Process Safety Management (29 CFR 1910.119) - Training offered by Chemical Distributors, Incorporated

Unexpected releases of highly hazardous chemicals including toxic, reactive, or flammable liquids and gases from processes have been reported for many years. Incidents continue to occur in various industries that use highly hazardous chemicals that may be toxic, reactive, flammable, or explosive, or may exhibit a combination of these properties. Regardless of the industry using these highly hazardous chemicals, there is a potential for an accidental release any time they are not properly controlled. This, in turn, creates the possibility of a disaster.

OSHA Process Safety Management (PSM) was adopted to minimize the risk of an accidental release of certain highly hazardous chemicals and to protect workers and the public. Under the PSM standard, OSHA wants to prevent the unwanted releases of hazardous chemicals, especially into locations that could expose employees and others to serious hazards. Further, OSHA wants to eliminate having untrained workers in the workplace.

  • The standard covers specific listed highly hazardous chemicals when present in a process in quantities at or above the threshold quantities listed in Appendix A of the standard.
  • In addition, flammable liquids or gases in quantities of 10,000 pounds or more are covered unless they are used solely for heating or fuel.

Employers must develop a written plan that includes the following:

  • Compile written process information, including information on:
    • the hazards of the highly hazardous chemicals used or produced by the process
    • the technology of the process
    • the equipment in the process.
  • Perform a process hazard analysis. The process hazard analysis will review what could go wrong and what safeguards must be implemented to prevent releases of hazardous chemicals.
  • Develop and implement written operating procedures that provide clear instructions for safely conducting activities involved in each covered process.The procedures will address:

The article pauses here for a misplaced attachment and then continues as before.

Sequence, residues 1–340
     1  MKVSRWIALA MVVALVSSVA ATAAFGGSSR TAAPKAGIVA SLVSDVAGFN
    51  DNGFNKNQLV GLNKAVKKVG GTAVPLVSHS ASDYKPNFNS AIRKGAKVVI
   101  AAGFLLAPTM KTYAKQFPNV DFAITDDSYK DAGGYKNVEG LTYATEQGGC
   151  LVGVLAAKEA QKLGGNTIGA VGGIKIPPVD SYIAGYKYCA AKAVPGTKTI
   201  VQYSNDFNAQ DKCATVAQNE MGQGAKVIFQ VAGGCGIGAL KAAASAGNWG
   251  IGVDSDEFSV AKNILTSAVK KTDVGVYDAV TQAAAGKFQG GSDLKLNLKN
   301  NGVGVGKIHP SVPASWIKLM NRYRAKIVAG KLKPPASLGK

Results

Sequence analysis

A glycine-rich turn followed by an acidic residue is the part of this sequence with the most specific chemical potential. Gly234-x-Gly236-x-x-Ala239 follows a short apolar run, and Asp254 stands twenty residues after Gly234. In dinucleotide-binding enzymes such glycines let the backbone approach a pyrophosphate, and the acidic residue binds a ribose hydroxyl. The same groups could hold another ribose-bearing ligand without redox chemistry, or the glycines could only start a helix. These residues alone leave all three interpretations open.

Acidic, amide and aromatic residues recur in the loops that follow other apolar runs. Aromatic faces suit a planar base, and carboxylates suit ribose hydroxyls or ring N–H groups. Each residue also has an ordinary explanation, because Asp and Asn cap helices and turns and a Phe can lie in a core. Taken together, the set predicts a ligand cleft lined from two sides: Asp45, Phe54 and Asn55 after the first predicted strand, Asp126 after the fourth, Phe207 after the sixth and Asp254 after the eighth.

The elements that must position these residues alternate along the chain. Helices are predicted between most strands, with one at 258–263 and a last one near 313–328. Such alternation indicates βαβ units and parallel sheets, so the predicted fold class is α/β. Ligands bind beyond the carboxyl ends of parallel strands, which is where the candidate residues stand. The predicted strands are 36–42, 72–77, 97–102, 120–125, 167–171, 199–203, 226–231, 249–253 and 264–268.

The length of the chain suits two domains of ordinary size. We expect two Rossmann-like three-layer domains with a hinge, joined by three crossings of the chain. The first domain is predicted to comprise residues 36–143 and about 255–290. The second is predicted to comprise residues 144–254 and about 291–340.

• steps for each operating phase (startup, normal operation, emergency shutdown, etc.)
    • operating limits
    • safety and health considerations
    • work activities such as lockout/tagout and entrance into a facility by contractor personnel.
  • Develop a written plan of action to implement the employee participation required by the standard.
  • Implement an effective training program
    • initial training
    • refresher training
    • training documentation
  • Establish a program for evaluating a contract employer's safety performance and programs, informing the contract employer of information about the process and emergency procedures needed for safe work, and maintaining a contract employee injury and illness log.
  • Perform a pre-startup safety review for new facilities and for modified facilities when the modification is significant enough to require a change in the process safety information.
  • Establish and implement written procedures to maintain the ongoing mechanical integrity of process equipment.
  • Require the issuance of a permit for hot work operation conducted on or near a covered process.
  • Establish and implement written procedures to manage changes (except for "replacements in kind") to process chemicals, technology, equipment, and procedures, and changes to facilities that affect a covered process.
  • Investigate within 48 hours or sooner each incident that resulted in, or could reasonably have resulted in, a catastrophic release of a highly hazardous chemical in the workplace and establish a system to promptly address and resolve the incident report findings and recommendations.
  • Develop an emergency action plan in accordance with 29 CFR 1910.38(a) and include procedures for handling small releases of hazardous chemicals; 29 CFR 1910.120 - Hazardous Waste Operations and Emergency Response, may also apply.
  • Conduct compliance audits at least every 3 years to verify that the procedures and practices developed under the standard are adequate and that they are being followed.
  • Provide all required information for the above steps without regard to trade secret status; confidentiality agreements may be implemented to protect an employer's trade secrets

The EH&S division of Chemical Distributors, Incorporated started with an internal need for training and compliance and has expanded with the following offering for all of our customers.

Please inquire about a program to match your specific needs.

All training materials will be provided

Give us a call, we've got you covered.

 

About our trainer:

Cindy Shelton is a certified Associate Safety Professional through the Board of Certified Safety Professionals, as well as a Registered Environmental Professional through the National Registry of Environmental Professionals. In addition she holds a Master's degree from Columbia Southern University in Occupational Safety and Health with a concentration in Environmental Management.